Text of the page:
Increased intra-abdominal pressure causes bacterial translocation in rabbits

Gokhan Yagci, Nazif Zeybek, Nihat Kaymakcioglu, Semih Gorgulu, Huseyin Tas, M Hakan Aydogan, Ismail Y Avci, Sadettin Cetiner
Journal of the Chinese Medical Association: JCMA 2005, 68 (4): 172-7

BACKGROUND: Abdominal compartment syndrome (ACS) is defined as intra-abdominal hypertension associated with organ dysfunction. Subsequently, increased intra-abdominal pressure (IAP) adversely affects the pulmonary, cardiovascular, renal, musculoskeletal/integumentary and central nervous systems. Bacterial translocation (BT), which is defined as the movement of viable enteric bacteria to the mesenteric lymph nodes, liver and spleen, occurs after various types of stress and results in splanchnic ischemia. In this experimental study, we aimed to investigate the effects of various levels of increased IAP on BT in rabbits; IAP was increased by the intra-abdominal balloon-insufflation method, thus simulating noncompliant abdominal-wall closure under tension.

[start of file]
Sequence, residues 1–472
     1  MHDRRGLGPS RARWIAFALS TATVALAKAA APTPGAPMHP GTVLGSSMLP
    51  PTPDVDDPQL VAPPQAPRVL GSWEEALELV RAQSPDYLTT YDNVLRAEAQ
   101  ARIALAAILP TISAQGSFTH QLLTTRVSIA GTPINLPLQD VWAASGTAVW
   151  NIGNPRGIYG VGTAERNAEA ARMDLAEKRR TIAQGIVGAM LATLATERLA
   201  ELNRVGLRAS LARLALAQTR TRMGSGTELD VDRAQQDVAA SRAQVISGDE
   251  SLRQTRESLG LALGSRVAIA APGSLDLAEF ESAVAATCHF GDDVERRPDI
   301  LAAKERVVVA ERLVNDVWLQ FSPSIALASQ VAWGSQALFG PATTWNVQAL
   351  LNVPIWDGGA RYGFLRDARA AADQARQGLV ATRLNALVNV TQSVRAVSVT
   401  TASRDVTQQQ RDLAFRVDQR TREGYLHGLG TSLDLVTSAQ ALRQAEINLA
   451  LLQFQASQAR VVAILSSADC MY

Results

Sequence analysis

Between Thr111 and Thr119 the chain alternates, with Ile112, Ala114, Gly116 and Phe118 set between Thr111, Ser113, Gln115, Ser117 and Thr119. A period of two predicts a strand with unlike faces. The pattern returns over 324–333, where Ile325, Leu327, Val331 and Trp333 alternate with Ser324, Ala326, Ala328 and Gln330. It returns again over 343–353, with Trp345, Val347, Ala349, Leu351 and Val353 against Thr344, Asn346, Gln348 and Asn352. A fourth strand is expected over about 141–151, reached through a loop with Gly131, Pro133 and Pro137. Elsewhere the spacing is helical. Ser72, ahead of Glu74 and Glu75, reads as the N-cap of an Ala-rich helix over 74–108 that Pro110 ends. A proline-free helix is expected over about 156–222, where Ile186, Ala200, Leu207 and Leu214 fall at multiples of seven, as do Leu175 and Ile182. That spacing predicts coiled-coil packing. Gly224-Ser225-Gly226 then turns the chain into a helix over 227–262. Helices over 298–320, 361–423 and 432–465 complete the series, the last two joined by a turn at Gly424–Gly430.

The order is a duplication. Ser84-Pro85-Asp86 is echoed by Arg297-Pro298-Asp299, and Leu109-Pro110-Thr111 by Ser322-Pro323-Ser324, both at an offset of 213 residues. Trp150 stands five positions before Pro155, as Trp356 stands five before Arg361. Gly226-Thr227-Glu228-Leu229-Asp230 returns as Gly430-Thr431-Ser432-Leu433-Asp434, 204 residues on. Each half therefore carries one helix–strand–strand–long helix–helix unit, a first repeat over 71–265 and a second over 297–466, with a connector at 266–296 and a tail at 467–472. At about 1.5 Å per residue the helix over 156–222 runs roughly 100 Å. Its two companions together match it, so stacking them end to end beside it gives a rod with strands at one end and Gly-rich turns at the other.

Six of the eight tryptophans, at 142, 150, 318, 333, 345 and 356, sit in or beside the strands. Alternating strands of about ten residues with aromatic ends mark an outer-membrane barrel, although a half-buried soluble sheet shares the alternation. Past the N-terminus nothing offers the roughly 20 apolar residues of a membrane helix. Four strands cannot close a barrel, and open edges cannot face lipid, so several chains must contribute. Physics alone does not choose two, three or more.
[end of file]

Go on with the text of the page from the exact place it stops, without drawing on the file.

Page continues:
METHODS: Fifty rabbits were randomly assigned to 1 of 5 groups, with each group comprising 10 animals. In group I (control group), an intra-abdominal balloon was placed without inflation. In groups II, III, IV and V, IAPs of 10, 15, 20 and 25 mmHg, respectively, were established via inflation of the intra-abdominal balloon. All groups underwent laparotomy after 12 hours. Multiple biopsies were taken from ileocecal lymph nodes, the spleen and liver.

RESULTS: BT was observed to some degree in all 4 experimental groups. A gradual increase in the phenomenon was noted as IAP increased from 10 to 15 mmHg; and BT was overt at 20 mmHg, and significant at 25 mmHg. Klebsiella pneumoniae, Serratia marcescens, and Escherichia coil were the predominant pathogens identified by culture.

CONCLUSION: We propose that an intravesical pressure (IVP) of 15 mmHg is the critical point for BT in patients with increased IAP. In this experimental study, BT occurred when IVP reached 20 mmHg. We suggest that IVP monitoring is desirable in the management of patients with ACS, and that decompressive laparotomy should be performed in patients with IVP >20 mmHg.

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